Synopses & Reviews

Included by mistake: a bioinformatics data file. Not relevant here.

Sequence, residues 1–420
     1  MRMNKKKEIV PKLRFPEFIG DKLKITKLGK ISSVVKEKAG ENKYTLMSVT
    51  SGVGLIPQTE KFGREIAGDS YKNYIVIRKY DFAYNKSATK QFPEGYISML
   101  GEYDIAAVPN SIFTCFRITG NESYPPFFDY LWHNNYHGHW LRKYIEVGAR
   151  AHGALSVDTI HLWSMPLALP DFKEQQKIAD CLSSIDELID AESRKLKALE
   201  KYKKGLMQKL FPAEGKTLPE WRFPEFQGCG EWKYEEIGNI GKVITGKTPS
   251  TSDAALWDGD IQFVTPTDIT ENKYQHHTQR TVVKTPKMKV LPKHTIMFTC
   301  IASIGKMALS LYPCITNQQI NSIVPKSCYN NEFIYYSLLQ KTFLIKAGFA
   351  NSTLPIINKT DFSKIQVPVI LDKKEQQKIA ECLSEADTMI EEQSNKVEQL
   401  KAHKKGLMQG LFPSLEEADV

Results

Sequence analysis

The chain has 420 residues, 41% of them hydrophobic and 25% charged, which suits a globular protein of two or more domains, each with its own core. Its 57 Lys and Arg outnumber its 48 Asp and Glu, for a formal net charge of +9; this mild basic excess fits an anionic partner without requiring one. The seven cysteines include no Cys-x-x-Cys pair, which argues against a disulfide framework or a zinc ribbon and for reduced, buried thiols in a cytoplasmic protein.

There is no doubt about Baeck's contribution to Jewish theology in the twentieth century: it has been significant. Without ever departing completely from the ancient wellsprings of orthodoxy, he was a studious observer of the intellectual currents of his time and ambience; under theinfluence of liberal Jewish theology, he drew on and reworked those currents, weaving them into his own theological thought. A special aspect of Baeck's work is that he remained in critical confrontation with Christianity throughout his life, acting as a kind of builder of bridges between the two faiths." (From the Introduction.) It is on this aspect that the author focuses his study inwhich he examines Leo Baeck's critical evaluation of Martin Luther and Protestantism. At the same time Homolka shows how close the intellectual links between liberal Christian and liberal Jewish theology had become before the Holocaust: both sides attempted a new definition of the "essence" of their faiths and were searching for a new identity in an increasingly pluralistic and secular society.